This information is added by users of ASN. Neither ASN nor the Flight Safety Foundation are responsible for the completeness or correctness of this information.
If you feel this information is incomplete or incorrect, you can submit corrected information
Narrative:2 AD 16.2.42. GRS 23.3.42. Point Cook 4.1.43. 1 SFTS 11.1.43. GRS (date? but there between 10/11/43 and 10/02/44) Forced landing low on fuel in bad weather, Bairnsdale, 2 miles north of Rosedale, Victoria, 25.2.45. 1 CRD 27.2.45. SOC 23.4.45.Sgt. D.J. McLeod parachuted at low altitude and died. Other crew: Flt. Sgt. Kevin M. Moloney (pilot), G.S. Liles & P/O A.M. Ward all survived.
|C/n / msn:|| |
|Fatalities:||Fatalities: 1 / Occupants: 4|
|Airplane damage:|| Written off (damaged beyond repair)|
|Location:||Bairnsdale, 2 miles north of Rosedale, Victoria -
|Phase:|| En route|
|Departure airport:||RAAF Bairnsdale, Victoria|
|Destination airport:||RAAF Bairnsdale, Victoria|
I was contacted by 83 year old Kevin Moloney (pilot of this aircraft) in May 2002. He passed on the following information on this crash via his friend Heather Tarrant:-
"The cause of the crash (which the Court of Enquiry called a phenomenon of the weather) was a low cloud bank, right down to the deck, up to about 2000 feet which rolled in from the sea enveloping our base at Bairnsdale, which is near the coast.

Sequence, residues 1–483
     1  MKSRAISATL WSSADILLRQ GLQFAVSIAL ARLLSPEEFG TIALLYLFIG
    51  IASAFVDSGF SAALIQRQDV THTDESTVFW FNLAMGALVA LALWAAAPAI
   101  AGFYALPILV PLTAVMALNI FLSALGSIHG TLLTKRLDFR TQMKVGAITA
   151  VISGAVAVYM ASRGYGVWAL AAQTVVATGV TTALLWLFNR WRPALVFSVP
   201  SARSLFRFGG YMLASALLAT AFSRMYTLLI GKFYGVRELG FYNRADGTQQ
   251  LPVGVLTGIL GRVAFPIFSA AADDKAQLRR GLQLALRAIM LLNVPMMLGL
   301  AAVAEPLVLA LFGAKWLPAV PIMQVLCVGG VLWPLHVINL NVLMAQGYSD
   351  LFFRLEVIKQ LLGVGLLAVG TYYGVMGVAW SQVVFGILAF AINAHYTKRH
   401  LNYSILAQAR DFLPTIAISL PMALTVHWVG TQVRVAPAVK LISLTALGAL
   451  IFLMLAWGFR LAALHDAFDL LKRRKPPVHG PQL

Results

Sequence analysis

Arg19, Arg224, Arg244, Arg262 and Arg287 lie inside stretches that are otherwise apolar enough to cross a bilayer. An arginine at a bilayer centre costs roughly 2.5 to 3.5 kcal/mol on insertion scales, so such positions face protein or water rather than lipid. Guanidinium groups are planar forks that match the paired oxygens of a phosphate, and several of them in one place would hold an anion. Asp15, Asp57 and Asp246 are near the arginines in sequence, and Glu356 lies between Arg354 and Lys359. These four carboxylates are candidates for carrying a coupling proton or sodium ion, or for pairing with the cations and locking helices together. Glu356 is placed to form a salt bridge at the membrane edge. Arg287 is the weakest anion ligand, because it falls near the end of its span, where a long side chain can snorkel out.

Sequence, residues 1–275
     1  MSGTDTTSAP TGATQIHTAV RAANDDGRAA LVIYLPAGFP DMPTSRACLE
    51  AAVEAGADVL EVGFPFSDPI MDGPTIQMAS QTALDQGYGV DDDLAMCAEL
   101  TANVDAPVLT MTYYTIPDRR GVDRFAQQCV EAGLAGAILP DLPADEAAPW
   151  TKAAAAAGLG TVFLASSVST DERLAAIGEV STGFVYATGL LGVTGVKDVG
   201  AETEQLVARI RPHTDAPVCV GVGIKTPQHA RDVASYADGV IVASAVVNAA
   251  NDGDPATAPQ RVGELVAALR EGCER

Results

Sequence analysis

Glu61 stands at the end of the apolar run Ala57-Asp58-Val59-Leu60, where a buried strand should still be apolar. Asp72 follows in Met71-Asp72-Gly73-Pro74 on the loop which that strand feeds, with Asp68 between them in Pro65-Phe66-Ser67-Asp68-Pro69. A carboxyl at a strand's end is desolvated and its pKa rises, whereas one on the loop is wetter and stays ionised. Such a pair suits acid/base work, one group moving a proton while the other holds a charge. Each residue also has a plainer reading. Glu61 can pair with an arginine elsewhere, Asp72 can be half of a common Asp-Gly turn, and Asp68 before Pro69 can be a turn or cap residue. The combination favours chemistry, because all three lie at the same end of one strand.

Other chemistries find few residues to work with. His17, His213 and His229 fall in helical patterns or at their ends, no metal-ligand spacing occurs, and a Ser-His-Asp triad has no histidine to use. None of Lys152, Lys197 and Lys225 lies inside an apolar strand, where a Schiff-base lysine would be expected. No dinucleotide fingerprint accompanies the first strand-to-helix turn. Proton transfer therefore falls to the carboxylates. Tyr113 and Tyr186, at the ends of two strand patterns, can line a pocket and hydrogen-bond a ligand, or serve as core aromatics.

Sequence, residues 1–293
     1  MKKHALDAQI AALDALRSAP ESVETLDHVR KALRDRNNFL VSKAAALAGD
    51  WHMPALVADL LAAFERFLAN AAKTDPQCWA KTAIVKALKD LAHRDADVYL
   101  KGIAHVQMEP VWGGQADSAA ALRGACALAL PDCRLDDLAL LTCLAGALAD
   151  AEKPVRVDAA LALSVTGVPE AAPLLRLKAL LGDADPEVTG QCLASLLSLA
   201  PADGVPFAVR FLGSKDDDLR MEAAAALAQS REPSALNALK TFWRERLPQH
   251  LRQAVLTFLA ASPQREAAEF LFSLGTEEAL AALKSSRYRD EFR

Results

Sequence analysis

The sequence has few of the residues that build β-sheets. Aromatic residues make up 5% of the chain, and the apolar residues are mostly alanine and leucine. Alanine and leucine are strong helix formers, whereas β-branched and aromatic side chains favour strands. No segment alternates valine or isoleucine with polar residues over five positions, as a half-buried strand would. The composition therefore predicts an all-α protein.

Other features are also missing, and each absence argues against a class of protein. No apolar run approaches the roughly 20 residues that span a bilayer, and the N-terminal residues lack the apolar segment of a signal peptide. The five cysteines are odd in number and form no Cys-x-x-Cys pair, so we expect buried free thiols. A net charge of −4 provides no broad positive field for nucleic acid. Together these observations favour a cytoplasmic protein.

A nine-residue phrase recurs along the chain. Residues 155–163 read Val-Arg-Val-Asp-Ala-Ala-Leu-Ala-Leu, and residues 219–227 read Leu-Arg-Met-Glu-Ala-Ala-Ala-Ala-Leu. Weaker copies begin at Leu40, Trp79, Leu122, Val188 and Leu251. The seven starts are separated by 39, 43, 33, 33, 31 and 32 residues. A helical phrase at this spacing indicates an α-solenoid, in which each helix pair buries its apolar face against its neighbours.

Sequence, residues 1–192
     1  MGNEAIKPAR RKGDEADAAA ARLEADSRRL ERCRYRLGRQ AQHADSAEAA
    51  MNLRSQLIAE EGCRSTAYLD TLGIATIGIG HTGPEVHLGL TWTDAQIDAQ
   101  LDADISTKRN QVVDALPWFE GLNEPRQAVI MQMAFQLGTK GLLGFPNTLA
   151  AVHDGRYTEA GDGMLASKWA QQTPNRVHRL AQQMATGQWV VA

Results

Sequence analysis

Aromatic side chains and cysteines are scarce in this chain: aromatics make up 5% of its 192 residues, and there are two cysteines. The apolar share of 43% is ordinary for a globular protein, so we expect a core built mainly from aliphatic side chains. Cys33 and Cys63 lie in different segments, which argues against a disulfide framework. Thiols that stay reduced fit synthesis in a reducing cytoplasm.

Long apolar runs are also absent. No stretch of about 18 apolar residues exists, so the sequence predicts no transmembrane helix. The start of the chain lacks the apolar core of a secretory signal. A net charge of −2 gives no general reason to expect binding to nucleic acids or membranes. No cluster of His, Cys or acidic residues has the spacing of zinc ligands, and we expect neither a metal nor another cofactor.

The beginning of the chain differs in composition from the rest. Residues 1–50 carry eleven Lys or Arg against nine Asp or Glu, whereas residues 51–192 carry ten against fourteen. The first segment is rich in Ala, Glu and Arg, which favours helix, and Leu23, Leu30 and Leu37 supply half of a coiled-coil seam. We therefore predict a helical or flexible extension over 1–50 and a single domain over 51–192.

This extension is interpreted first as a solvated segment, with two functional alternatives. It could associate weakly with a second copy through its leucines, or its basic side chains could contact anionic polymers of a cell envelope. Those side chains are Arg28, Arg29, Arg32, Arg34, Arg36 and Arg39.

The 13 aircraft engaged in this night navigation exercise were out at sea. My crash was caused by the lack of fuel. I was the first to take off that night and was about 100 miles from the coast when I sent a signal to base reporting that weather conditions prevented some parts of the navigation procedures being carried out. Base notified all aircraft to return to base. Probably about half of them were able to land at Bairnsdale.
After exploring every option available to me the only hope was to bail out because Eastern Victoria was completely covered.
So I was about to climb to 5000 feet when we saw a hole in the clouds and a row of lights which could have been a flare path. After checking the fuel and the time we had been in the air I calculated that I still had 30 minutes of fuel which was sufficient to investigate. The lights proved to be a stationary train.
I immediately started to climb out when the starboard motor cut at about 2000 feet above sea level. The crew managed to bail out just before the port motor cut. I went into crash landing procedure hitting four trees and losing a large section of one wing and a portion of the other. The aircraft was a write off."
||Dr. John Smith
||Updated [Operator, Location, Phase, Nature, Departure airport, Destination airport, Source, Damage, Narrative]|
Number of views: 838